Pollution threatens to make Montana’s rivers unfishable and unswimmable. Yet the EPA found the state doesn’t have to clean them up because doing so would be too expensive.
PORTLAND, Ore. (CN) — The U.S. Environmental Protection Agency let Montana excuse itself from requirements to protect world-class trout streams from pollution that creates toxic algal blooms. The reason? It would simply cost too much to protect rivers to the degree the law requires, attorneys told judges for the Ninth Circuit on Thursday.
In 2016, the Upper Missouri Waterkeeper sued the EPA in 2016, claiming it let Montana delay regulation of pollution from sewage plants and agricultural and urban runoff based on how much protection would cost.
The EPA pointed to language in the Clean Water Act that allows states to adopt “variances” to delay cleanup if “the pollution controls required to achieve the base water quality standards would lead to substantial and widespread economic and social impact.”
In July 2019, a federal judge agreed variances the EPA had approved allowing Montana to delay protection of its rivers didn’t guarantee compliance with the law, which requires the state to maintain water standards conducive to “designated uses” of the river, such as public health, fishing, swimming, boating, agriculture and industry. The court ordered Montana and the EPA to rewrite their plan based on a third-party expert’s assessment of when the legally required water quality standards could reasonably be attained.
Montana submitted a revised plan, but the EPA said the new plan wasn’t consistent with the court order and instead approved provisions Upper Missouri Waterkeeper deemed a “poison pill,” which substituted only “generic narrative standards for all waters and all pollutants,” the group said.
In October 2020, U.S. District Judge Brian Morris ordered the EPA to approve specific timelines that would bring delays approved in the variances in line with the Clean Water Act. EPA appealed, and on Thursday EPA attorney John Smeltzer defended the agency’s actions.
“The purpose of a variance is to provide progress toward the base water quality standards by setting milestones toward an attainable standard where the base water quality standard is not attainable and the regulation clearly states that the time period for the variance is the time needed to achieve those interim highest attainable condition requirements,” Smeltzer told a three-judge panel consisting of U.S. Circuit Judges Paul Watford, a Barack Obama appointee and Richard Paez, a Bill Clinton appointee, as well as Daniel Boggs, a Ronald Reagan appointee sitting by designation from the Sixth Circuit.
Kurt Moser, an attorney for the Montana Department of Environmental Quality, told the judges it was unreasonable for Judge Morris to require that the delay approved by the EPA end in compliance with the legal requirement to meet base water quality standards.
“Montana can’t develop a variance term that ends with attainment of the base standards because doing so would cause substantial and widespread economic impact to its community,” Moser said.
And contrary to Morris’ finding that the EPA’s plan would allow Montana to delay meeting the standards indefinitely, Moser said the variance is “clearly time-limited” because it requires the state to periodically consider whether the justification for the variance remains valid.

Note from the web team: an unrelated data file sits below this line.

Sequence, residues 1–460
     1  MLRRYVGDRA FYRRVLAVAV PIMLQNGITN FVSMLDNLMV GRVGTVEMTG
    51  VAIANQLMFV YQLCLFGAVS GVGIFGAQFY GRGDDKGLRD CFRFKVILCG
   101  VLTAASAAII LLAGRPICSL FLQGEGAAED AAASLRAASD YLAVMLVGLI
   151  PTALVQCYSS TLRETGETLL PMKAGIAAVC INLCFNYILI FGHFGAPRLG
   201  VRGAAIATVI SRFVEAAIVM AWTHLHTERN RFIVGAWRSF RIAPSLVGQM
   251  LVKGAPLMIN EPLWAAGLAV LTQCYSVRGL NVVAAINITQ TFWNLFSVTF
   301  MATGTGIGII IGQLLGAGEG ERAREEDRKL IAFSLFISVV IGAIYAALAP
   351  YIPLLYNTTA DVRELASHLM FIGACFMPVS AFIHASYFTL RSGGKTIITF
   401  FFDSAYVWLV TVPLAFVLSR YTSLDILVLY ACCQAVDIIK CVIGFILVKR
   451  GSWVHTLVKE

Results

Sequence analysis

But Janette Brimmer, attorney for Upper Missouri River Waterkeeper, told the judges that an indefinite delay was exactly what the EPA and Montana have in mind — with the current 20-year variance and potential future variances as well.
“Twenty years from now is when the pollutant dischargers have to meet the highest attainable condition,” Brimmer said. “And in fact, when one reads the language itself, you see that EPA and the state contemplate that maybe it will even be longer than 20 years. That in fact at the end of that 20-year period, we may see another 20-year variance. And in fact, they contemplate that maybe we’ll never get there because we may not want to spend the money necessary to protect designated uses.”
Addressing Brimmer, Judge Boggs cited Upper Missouri Waterkeeper’s appeal brief, which states: “The Clean Water Act does not allow cost considerations to drive water quality standards, directly or indirectly.”
He added: “I would ask you then, simply, that is your position — whether it would cost $10 million or $100 million or $1 trillion or $10 trillion, is that correct?”
Brimmer answered in the affirmative.
“That is correct, your honor, that the language of the statute does not provide for that,” Brimmer said. “Congress knows how to provide for that and has done so.”
She added that the phase of setting water quality standards was the wrong moment to consider costs. Instead, Brimmer said, costs could be considered when the agencies are developing a schedule of compliance with those protective standards. After, states can also apply for a use attainability analysis. Under that process, subject to strict standards and bars, a state or city can argue that it be allowed to protect certain waters, such as a cement-lined pond, to a less strict standard.
“But it’s got a lot of safeguards,” Brimmer said. “There are a lot of requirements that a state has to pass because we do not want, and Congress did not want someone to simply throw up their hands and say, ‘Well it’s going to be a little bit hard, so we don’t want to protect, for example, the pristine trout streams of the state of Montana.’”
The judges took the arguments under advisement.